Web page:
You’ve heard the phrase “Put words into action”? Well that, my friends, is what I’m going to attempt to do here. In this recap of the 2016 AMWA conference presentation “Six Steps to Writing Content That Moves People,” I will try to apply what I learned from Debbie Dakins and Colleen Cronin’s tips to help writers create informational materials for the general public that can inspire and motivate people to make changes to improve their health and wellbeing.
Step 1: Be Conversational.
Dakins and Cronin recommended using a warm, friendly tone. They also cautioned against clinical and technical language. In other words, write as if you’re talking to a casual acquaintance. In addition, they advised writers to stick with the second person. I hope I’ve established a conversational, jargon-free tone. However, I hope you will give me a pass when I slip in a few first-person perspectives as I attempt to apply their recommendations to this write-up.
Step 2: Keep the Message Simple, Focused.
The big takeaway here is…to limit your takeaways. The presenters encouraged their audience to have clear objectives, to focus on no more than 3 key points, and to reiterate those points in the wrap-up. Again, I beg forgiveness because this is a review of 6 key ideas, so I’m going to stretch the takeaway recommendation a bit. But I promise to keep things simple.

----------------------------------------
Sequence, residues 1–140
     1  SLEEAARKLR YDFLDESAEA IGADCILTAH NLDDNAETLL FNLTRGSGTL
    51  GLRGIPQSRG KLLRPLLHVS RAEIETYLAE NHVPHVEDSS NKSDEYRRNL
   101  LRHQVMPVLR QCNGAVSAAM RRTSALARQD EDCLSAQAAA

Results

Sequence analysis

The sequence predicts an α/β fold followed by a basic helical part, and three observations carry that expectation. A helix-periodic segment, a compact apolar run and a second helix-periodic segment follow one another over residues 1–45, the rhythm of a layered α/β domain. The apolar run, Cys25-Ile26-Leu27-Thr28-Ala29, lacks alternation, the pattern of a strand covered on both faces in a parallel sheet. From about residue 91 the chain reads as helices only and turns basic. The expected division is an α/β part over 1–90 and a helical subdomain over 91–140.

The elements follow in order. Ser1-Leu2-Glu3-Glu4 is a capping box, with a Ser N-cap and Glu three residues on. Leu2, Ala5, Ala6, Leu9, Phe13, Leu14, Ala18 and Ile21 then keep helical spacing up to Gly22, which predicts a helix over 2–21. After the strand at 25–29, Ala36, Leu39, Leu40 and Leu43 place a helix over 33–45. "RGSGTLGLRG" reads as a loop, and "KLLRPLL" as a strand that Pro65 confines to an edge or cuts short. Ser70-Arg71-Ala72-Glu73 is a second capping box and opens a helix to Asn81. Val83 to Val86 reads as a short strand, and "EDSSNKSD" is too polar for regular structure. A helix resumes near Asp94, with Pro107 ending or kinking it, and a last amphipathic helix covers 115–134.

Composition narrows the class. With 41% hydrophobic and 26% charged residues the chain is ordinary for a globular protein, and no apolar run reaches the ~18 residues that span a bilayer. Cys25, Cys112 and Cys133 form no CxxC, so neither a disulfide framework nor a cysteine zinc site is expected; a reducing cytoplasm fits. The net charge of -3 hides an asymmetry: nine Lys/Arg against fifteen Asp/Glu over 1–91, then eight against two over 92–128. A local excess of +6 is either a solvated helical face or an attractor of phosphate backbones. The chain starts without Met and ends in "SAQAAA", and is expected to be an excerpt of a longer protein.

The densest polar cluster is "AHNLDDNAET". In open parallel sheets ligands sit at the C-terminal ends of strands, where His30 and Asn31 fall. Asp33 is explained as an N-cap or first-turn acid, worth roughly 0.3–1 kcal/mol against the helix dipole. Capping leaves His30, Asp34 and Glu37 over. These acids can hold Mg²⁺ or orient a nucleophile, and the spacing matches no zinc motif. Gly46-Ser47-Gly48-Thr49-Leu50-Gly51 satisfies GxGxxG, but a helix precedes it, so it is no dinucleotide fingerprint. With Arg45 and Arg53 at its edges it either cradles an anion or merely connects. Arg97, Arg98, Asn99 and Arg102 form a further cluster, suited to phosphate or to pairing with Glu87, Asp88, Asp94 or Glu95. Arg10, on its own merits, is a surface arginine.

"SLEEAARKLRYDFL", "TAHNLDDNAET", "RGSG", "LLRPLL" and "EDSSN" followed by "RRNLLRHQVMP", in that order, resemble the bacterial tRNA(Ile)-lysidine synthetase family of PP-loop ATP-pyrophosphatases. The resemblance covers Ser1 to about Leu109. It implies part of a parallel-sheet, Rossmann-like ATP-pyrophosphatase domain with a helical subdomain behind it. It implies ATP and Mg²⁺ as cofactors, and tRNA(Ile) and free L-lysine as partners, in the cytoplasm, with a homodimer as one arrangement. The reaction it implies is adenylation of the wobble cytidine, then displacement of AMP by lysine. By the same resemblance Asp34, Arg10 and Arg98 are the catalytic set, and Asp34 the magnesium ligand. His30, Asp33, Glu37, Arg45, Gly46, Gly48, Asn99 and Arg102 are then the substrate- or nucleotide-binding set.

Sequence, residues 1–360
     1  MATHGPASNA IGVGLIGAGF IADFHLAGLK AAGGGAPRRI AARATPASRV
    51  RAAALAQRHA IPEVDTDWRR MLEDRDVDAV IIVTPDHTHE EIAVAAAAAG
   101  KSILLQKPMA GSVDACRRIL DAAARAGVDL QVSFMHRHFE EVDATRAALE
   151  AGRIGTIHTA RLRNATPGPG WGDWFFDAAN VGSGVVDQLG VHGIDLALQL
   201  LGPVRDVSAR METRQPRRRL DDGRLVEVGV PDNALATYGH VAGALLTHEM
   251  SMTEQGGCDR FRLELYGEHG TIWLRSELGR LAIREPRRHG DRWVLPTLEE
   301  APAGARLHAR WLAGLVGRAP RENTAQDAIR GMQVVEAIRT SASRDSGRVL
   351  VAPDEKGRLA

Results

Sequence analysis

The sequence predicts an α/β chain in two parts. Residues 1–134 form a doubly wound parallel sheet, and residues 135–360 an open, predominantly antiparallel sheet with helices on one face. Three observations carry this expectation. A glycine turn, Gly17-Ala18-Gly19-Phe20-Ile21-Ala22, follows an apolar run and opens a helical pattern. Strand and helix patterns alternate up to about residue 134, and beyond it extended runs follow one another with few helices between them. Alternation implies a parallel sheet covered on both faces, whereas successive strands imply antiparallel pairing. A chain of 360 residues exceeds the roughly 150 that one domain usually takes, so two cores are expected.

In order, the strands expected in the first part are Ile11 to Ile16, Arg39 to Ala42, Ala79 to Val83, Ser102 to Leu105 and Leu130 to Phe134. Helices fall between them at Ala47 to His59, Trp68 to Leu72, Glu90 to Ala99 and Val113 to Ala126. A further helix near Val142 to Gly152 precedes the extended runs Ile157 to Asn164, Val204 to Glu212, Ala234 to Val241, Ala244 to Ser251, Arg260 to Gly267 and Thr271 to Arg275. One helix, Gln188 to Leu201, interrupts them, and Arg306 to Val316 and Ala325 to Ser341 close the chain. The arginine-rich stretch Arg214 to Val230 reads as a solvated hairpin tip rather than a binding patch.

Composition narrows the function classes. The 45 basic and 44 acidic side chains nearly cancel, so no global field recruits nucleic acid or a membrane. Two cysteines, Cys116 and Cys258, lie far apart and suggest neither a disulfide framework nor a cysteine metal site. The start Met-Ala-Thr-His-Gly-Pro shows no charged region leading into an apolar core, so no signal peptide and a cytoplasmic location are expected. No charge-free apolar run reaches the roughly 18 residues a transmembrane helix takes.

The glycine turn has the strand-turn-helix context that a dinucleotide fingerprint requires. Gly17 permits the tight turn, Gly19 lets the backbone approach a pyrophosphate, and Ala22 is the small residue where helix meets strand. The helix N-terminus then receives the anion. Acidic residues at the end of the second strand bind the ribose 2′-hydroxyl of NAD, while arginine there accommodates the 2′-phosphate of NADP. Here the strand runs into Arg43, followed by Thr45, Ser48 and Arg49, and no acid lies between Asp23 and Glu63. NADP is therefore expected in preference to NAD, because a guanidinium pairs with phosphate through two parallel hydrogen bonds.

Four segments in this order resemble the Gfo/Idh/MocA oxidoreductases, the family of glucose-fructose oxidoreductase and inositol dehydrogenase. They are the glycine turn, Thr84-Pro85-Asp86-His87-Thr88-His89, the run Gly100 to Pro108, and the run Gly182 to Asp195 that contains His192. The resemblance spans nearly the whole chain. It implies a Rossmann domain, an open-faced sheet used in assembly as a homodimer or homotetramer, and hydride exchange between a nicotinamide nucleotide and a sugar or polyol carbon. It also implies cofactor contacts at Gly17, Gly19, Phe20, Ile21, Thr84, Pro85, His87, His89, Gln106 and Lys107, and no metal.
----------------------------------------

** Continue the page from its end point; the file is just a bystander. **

Step 3: Promote Confidence and Choice.
Make health goals attainable and realistic. Dakins and Cronin emphasized the importance of avoiding shaming and fingerwagging. They added that when you’re writing to change health behaviors, you should try to put the reader in the driver’s seat. For example, I’m hoping that when you shift into writing gear, you will cruise away from this review remembering to test drive these 6 steps and see whether they help you engage your audience.
Step 4: Give Them a Reason to Act.
Nothing motivates us to make a change better than a clear idea of why it benefits us to do so. As the informational material the presenters shared points out, when your readers quickly see “what’s in it for me” (WIIFM), they are more likely to respond. And, they noted, don’t forget to stoke that ember of motivation with a call to action. So, the WIIFM for those of you who are glancing over this story? Better ways to write content that gets results. The call to action? Give some of these ideas a try when you finish this recap.
Step 5: Include the Unexpected.
To help illustrate the idea behind Step 5, Dakins and Cronin shared a smoking cessation video produced by Healthwise. While many smoking cessation materials focus on the risks and dangers of smoking, the Healthwise video shared the progressive health benefits a person experiences when they quit smoking. The refreshing, positive spin inspired 66% of those who viewed the video to report that they were now considering quitting. “If I’d been holding a mic when I heard that result,” said Dakins, “I’d have done the drop.” Peace out.
Step 6: Invite Reflection.
Actually, it’s not quite “peace out” yet. The final tip the presenters shared circled back to keeping things conversational, simple, and real. They advised the audience to acknowledge how difficult change can be and to pose their questions in a thoughtful, nonthreatening way that motivates the reader to mull things over and share questions with their health care professionals. Cronin noted that it helps her ensure sensitivity, as well as accuracy, when she receives input from behavioral psychologists and other specialists and colleagues before she finalizes materials.